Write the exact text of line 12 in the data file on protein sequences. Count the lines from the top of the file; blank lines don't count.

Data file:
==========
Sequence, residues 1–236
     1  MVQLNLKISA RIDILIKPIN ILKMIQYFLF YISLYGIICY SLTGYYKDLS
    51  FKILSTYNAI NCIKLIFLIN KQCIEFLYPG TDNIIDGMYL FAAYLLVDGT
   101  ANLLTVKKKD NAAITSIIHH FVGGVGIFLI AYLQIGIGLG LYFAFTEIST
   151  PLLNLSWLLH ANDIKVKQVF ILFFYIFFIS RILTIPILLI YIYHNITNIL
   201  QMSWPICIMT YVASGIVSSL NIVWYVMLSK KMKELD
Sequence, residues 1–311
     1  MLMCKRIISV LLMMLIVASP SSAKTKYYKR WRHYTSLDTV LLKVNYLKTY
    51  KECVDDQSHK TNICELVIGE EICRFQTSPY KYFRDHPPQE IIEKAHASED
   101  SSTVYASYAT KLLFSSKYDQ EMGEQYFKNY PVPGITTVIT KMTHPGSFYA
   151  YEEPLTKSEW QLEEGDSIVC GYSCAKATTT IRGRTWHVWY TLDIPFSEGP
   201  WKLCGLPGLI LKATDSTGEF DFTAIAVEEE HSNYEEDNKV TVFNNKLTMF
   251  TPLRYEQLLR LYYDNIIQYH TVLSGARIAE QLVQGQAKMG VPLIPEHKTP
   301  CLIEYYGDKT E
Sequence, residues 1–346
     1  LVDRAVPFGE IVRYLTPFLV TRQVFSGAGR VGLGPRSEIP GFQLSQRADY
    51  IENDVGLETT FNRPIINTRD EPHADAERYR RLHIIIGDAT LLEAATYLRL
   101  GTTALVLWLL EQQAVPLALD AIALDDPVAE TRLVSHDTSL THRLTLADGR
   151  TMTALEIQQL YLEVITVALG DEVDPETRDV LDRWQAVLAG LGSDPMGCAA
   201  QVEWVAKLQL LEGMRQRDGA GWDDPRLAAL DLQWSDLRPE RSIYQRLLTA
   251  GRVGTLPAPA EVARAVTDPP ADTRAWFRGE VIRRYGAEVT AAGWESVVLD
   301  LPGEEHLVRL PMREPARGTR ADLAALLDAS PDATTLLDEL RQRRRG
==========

   201  WKLCGLPGLI LKATDSTGEF DFTAIAVEEE HSNYEEDNKV TVFNNKLTMF